Nike, Adidas join brands feeling Chinese social media heat over Xinjiang

Friday, 26 Mar, 2021

Shares of global fashion brands Adidas, H&M and Nike fell on Thursday after boycott calls on social media over China's Xinjiang cotton producers.

The European Union, United States, Britain and Canada on Monday imposed sanctions on Chinese officials accusing them of human rights abuses in Xinjiang.

"Retaliation from Beijing was expected after the British ambassador to China, Caroline Wilson, was summoned this week by the Chinese foreign ministry to hear "solemn representations" about the United Kingdom sanctions imposed for the mass detention of Muslim minorities". One of the PLA's Weibo accounts called H&M's statement "ignorant and arrogant".

Nike, which said earlier in an undated statement it was concerned about reports of forced labour, came under fire. Nike shares fell as much as 5.4 per cent in NY before the start of regular trading Thursday. Li Ning Co's shares surged over 7%.

Chinese netizens don't buy the H&M reply regarding Xinjiang cotton, and some said the reply implies that the firm is not doing wrong, Global Times reported.

Users also targeted the Better Cotton Initiative which promotes sustainable cotton production and which said back in October 2020 that it would suspend its approval for cotton exported from Xinjiang for the 2020-2021 season.

"Spreading rumours to boycott Xinjiang cotton, while trying to make a profit in China?"

Xinjiang has steadily become a heated issue between China and the West as reports emerged that more than one million mostly Muslim ethnic Uyghurs were put in reeducation camps, prompting the US and others to accuse Beijing of genocide.

Spokespeople for Alibaba and JD didn't immediately respond to requests for comment.

H&M said it "is committed to long-term investment and development in China". Physical store locations were blocked from searches on Baidu and Gaode maps, the equivalent of Google and Apple maps.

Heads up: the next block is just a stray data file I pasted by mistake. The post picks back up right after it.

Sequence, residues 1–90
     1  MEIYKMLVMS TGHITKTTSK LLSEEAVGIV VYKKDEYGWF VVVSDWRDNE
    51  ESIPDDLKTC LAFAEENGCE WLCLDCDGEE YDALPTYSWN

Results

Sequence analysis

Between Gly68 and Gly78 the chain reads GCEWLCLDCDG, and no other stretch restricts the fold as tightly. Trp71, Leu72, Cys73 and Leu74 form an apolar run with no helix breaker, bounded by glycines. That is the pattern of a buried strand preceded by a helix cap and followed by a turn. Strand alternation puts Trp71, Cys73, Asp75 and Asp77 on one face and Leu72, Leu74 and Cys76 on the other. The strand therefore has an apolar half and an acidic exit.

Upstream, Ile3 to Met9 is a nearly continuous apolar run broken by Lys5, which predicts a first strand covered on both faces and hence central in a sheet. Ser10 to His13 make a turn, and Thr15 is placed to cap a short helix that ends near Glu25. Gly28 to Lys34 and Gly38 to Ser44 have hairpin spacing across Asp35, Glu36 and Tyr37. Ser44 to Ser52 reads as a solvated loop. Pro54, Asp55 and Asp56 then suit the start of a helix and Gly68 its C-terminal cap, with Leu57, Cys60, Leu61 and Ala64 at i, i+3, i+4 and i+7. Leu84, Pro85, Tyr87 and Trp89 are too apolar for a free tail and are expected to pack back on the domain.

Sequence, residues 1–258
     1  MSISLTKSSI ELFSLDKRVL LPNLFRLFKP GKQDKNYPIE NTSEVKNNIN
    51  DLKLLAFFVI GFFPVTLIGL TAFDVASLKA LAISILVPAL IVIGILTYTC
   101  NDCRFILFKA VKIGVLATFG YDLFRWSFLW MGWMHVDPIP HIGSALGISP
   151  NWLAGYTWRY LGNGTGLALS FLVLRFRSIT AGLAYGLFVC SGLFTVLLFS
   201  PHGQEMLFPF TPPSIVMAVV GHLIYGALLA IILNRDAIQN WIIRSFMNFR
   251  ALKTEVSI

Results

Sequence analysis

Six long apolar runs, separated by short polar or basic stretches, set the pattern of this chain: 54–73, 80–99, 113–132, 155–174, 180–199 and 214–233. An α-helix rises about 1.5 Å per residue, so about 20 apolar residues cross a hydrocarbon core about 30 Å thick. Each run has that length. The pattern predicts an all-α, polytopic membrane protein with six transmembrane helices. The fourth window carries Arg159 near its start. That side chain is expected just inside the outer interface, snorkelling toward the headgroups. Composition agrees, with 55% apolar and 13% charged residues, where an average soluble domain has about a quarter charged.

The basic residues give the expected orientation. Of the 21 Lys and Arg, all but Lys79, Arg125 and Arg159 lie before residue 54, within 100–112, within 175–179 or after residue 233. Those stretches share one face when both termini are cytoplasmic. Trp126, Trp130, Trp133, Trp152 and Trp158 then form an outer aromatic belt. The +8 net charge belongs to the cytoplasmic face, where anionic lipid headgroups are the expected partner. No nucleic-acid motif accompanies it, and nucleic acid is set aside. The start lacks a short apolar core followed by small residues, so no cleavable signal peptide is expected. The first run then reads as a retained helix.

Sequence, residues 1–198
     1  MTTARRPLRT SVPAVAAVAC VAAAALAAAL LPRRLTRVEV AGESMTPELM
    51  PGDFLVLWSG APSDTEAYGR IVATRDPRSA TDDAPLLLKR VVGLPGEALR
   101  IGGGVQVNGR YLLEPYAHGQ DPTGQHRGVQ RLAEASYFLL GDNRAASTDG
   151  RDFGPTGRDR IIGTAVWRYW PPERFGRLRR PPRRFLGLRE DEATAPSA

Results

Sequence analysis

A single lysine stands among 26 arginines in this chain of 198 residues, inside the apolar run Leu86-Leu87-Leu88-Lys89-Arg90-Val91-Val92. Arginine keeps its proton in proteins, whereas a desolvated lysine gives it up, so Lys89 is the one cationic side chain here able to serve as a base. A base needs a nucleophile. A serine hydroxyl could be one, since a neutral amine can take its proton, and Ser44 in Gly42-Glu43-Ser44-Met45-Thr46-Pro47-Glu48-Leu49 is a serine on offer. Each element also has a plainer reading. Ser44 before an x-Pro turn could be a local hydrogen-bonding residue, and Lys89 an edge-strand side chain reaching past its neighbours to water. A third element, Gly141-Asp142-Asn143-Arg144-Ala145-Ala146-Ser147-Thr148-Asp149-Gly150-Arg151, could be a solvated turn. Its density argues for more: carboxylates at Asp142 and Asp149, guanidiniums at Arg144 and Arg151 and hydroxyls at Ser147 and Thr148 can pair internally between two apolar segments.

The search results of the taobao.com show that all "H&M" and "HM" searches have returned no results.

Unlike in some Western countries, where it sells online mainly via its own app or website, H&M relies on a network of third-party e-commerce platforms for distribution in China, where a few "super apps" have largely replaced individual apps and websites.

Asked about China's sanctions and the campaign against retailers, Foreign Ministry spokeswoman Hua Chunying said Thursday that China was defending itself against lies.

In January, Washington imposed a ban on imports of cotton from Xinjiang, a major supplier to clothing producers for Western markets.

Hua then held up a second photograph of cotton fields in Xinjiang.

On social media, the Communist Party's youth wing, which helped kick-start the movement, targeted the Better Cotton Initiative consortium, which a year ago suspended its licensing of Xinjiang cotton amid concerns about forced labor.

Hennes & Mauritz AB was blasted by the Communist Youth League and the People's Liberation Army Wednesday after social-media users dug out an undated company statement about accusations of forced labor in Xinjiang.